Historically, data collection in neuroscience has outpaced developments in theory and computation. As a result the field lacks the simple concepts needed to unify results of huge numbers of experiments. However, in recent years the power of theoretical approaches has increased, and we are now starting to see the formulation of models that are linked tightly to brain physiology and anatomy.
At the same time, physics and engineering have advanced our understanding of complex systems and networks, and advances in digital computing hardware and software have made it feasible to test these models in detail. Finally, massive databases detailing brain structure and function are becoming available, covering scales from neuronal microcircuitry up to whole brain connectivity.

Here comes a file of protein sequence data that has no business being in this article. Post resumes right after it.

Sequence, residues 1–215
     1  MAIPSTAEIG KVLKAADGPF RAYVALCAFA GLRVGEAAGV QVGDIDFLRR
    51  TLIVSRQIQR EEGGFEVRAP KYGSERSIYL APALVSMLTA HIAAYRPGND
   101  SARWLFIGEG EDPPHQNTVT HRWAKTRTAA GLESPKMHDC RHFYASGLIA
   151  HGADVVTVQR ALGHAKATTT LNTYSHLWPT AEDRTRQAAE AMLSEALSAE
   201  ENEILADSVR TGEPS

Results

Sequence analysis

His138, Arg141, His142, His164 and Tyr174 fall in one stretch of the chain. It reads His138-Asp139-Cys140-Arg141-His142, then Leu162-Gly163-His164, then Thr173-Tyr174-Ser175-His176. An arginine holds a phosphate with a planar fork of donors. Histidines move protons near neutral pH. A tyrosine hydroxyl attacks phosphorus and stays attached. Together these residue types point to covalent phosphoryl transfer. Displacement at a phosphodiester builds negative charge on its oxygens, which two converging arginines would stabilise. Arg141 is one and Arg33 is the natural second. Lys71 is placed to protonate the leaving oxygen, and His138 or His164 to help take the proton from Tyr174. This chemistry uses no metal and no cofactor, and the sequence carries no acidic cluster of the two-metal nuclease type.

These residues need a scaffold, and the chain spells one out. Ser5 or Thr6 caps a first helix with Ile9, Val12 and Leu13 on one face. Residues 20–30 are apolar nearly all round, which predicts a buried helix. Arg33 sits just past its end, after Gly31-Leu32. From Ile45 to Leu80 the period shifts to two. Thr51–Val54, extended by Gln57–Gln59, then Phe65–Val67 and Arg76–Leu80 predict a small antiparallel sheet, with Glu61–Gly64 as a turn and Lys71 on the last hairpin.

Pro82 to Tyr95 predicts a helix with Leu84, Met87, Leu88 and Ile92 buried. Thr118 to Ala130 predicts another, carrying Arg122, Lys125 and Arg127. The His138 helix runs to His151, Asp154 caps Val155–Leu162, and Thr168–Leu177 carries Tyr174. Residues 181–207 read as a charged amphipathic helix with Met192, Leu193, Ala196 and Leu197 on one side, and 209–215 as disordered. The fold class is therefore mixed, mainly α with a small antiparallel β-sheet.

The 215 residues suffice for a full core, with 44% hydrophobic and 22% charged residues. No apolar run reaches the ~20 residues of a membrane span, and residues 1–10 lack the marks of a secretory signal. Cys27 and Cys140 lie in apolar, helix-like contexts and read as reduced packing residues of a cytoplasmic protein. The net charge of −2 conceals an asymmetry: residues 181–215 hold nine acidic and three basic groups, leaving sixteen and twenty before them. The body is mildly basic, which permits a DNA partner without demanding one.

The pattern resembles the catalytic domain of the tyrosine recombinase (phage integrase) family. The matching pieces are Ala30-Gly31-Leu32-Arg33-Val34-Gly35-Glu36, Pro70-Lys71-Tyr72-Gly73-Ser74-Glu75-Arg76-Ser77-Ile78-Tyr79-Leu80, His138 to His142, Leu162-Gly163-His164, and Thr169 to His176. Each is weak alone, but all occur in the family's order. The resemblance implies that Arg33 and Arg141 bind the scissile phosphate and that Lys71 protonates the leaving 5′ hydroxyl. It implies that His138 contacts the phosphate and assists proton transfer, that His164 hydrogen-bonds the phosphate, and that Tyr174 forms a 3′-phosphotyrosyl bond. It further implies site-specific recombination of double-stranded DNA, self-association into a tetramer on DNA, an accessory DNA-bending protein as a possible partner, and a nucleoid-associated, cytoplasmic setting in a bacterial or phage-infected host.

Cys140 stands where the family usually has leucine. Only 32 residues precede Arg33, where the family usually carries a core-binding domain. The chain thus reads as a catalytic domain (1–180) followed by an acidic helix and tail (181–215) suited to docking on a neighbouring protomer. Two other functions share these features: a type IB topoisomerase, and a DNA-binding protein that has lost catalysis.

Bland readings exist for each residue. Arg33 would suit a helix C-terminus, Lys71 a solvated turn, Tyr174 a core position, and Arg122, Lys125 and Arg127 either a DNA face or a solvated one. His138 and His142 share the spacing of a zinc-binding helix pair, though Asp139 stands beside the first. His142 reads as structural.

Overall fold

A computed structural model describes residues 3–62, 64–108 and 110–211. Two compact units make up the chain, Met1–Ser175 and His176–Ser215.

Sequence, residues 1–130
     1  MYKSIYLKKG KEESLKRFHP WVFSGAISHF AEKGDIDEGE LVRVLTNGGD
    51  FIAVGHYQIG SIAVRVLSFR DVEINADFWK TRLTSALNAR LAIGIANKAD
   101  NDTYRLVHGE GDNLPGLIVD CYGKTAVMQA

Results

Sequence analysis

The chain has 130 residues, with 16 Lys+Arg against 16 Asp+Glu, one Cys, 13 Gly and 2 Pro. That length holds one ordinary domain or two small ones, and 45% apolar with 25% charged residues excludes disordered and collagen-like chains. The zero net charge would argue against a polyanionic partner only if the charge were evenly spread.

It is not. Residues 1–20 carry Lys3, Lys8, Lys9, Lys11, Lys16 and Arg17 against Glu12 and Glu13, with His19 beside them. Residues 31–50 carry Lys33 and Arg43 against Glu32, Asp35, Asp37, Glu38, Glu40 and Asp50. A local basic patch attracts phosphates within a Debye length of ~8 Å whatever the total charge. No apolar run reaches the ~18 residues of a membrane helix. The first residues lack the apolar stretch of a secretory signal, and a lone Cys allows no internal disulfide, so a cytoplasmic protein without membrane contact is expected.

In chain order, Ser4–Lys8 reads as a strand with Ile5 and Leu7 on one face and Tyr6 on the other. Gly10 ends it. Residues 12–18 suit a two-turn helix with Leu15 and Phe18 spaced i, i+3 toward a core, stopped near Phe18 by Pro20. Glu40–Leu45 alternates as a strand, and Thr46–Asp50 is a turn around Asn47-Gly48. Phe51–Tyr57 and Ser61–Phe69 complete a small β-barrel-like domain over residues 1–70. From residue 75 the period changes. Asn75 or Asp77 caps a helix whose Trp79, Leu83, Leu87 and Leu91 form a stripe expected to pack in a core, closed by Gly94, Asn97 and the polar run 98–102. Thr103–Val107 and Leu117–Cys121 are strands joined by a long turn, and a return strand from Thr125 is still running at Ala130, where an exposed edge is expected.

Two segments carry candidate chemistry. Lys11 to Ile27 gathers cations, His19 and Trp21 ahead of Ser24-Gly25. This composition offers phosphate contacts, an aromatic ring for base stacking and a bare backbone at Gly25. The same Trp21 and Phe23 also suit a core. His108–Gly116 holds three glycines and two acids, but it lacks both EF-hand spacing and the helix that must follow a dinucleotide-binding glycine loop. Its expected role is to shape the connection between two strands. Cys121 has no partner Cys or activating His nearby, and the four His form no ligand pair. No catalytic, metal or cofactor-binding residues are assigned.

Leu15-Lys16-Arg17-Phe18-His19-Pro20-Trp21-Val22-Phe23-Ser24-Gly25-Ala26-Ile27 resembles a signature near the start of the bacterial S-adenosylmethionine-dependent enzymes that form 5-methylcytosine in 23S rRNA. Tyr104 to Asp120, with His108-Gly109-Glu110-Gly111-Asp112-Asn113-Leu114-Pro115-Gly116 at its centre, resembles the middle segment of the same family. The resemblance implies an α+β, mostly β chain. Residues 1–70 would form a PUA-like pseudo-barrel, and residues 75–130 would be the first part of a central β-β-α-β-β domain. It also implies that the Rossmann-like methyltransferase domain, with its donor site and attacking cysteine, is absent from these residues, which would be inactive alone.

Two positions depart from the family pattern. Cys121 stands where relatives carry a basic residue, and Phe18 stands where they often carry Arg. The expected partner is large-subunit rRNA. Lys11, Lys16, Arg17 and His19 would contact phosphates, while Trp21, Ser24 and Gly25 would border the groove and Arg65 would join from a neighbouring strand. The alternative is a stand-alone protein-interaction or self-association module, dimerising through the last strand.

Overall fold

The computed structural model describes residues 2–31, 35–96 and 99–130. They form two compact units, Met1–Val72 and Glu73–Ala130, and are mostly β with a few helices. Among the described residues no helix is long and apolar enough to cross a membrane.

This confluence of rapid advances gives our Centre an exceptional new opportunity: to develop quantitative, testable theories of integrated brain function, and to test the predictions against experimental data that span multiple spatial and temporal scales.
In essence, the Models and Technologies research theme will institute the same kind of theory- experiment interaction that has proven fruitful in the physical sciences and engineering. In parallel, our expertise in data analysis, data fusion, and control engineering is harnessed to monitor, stimulate, and potentially control brain activity. For example, we have the capacity to use microelectronics and nanoscale fabrication to make elec- trodes capable of both measurement and stimulation (developed in the Bionic Eye project), wireless interfacing, and new data fusion algorithms and techniques. These developments enable the integrative brain functions of attention, prediction, and decision to be probed and related to the underlying physiology and anatomy, thereby distinguishing between competing theories of how these functions are realised.